• Have students use grid paper to make a crossword puzzle using the vocabulary terms. 
Ask students to exchange papers with a classmate and solve each other's puzzles. 



329 www.ckl2.org 



• Have students write a paragraph explaining the three acid-base theories explored in 
this chapter. 

• Ask students to search for examples of bad science about acids and bases on the web 
or in books. Have them quote the claim, reference the source, and then explain what 
is wrong. 

Lesson Worksheets 

There are no worksheets for this lesson. 

Review Questions 

Have students answer the Lesson 25.8 Review Questions that are listed at the end of the 
lesson in their FlexBook. 

Answers will be provided to teachers upon request. Please send an email to 
teachers-requests@ckl2.org. 

Chapter 25 Assessment 

Provided to teachers upon request at teachers-requests@ckl2.org. 

Chapter 25 Assessment Answers 

Provided to teachers upon request at teachers-requests@ckl2.org. 



www.ckl2.org 330 



Chapter 26 



TE Water, pH and Titration 



26.1 Chapter 26 Water, pH, and Titration 
Outline 

This chapter Water, pH, and Titration consists of four lessons that cover the mathematics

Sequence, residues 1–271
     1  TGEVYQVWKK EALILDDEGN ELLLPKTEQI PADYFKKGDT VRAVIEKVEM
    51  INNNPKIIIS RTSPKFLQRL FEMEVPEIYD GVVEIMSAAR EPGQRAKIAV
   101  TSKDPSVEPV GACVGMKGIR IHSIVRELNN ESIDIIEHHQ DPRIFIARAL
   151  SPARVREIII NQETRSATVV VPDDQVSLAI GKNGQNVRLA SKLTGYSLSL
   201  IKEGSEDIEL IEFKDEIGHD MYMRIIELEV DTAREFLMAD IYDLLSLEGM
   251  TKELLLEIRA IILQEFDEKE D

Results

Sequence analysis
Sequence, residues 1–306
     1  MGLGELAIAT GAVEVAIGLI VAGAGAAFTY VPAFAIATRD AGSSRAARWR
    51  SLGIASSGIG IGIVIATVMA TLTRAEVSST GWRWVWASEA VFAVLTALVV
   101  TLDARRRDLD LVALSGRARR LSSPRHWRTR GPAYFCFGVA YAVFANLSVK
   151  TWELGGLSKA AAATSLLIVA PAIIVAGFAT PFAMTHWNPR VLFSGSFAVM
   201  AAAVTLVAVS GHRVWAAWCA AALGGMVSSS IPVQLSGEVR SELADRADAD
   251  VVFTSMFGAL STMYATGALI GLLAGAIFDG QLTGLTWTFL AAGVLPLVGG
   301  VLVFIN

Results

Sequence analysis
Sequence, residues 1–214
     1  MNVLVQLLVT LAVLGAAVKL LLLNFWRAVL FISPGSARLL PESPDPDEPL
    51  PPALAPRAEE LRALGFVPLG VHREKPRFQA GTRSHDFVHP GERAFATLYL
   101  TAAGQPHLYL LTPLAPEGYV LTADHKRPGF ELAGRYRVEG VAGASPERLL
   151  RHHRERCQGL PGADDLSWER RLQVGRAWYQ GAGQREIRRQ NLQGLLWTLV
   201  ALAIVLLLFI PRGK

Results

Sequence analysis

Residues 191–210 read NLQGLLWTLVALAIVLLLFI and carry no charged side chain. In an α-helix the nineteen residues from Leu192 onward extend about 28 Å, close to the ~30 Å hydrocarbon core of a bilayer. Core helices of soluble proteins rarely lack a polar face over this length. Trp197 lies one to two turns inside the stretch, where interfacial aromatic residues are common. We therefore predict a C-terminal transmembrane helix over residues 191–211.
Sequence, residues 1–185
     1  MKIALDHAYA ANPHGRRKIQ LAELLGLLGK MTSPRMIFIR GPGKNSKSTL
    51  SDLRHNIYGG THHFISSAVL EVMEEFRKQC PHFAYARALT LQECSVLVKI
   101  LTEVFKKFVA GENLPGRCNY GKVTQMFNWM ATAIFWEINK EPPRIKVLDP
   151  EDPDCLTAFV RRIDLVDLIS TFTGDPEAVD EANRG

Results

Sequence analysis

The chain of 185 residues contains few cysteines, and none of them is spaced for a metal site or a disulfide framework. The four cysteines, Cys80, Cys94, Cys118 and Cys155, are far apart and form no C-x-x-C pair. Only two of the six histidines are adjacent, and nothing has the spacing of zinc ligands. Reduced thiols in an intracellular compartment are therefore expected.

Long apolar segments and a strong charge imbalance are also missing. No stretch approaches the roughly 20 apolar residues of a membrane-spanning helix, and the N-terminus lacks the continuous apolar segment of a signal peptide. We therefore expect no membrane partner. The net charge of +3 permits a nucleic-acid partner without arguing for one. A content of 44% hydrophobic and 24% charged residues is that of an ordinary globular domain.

of the dissociation of water, acid-base indicators, acid-base titration, and buffers. 

• Lesson 26.1 Water Ionizes 

• Lesson 26.2 Indicators 

• Lesson 26.3 Titration 

• Lesson 26.4 Buffers 

Overview 

In these lessons, students will explore: 

• The autoionization of water, and the mathematics of pH and pOH. 

• Natural and synthetic indicators. 

• How the process of titration is used to determine the concentration of acids and bases. 

• The chemistry of buffer solutions. 

Science Background Information 

Acid Rain 

331 www.ckl2.org 



The exceptional characteristics of the substance known as water have been recognized and 
appreciated for millennia. In particular, its ability as a solvent provides for many of the 
vital processes enabling life, such as acting as the medium in which red blood cells transport 
oxygen in our bodies. Yet water's propensity to dissolve ions, other liquids and even gases 
may not always produce physical or biochemical advantages. 

The water supply on Earth is continuously transported and concomitantly purified by a 
mechanism known as the hydrological cycle. As solar radiation heats the Earth's surface, 
water molecules evaporate and then condense into cloud formations as they reach higher 
elevations and cooler atmospheric levels. Large-scale weather patterns transport the water in 
these cloud formations around the globe, and return the water to the surface as precipitation. 
Despite the purification of the substance by this process, rainwater is found to have a pH 
that is not neutral as one might expect, but mildly acidic. During its passage through the 
atmosphere, water's extraordinary capacity as a solvent absorbs carbon dioxide in the air,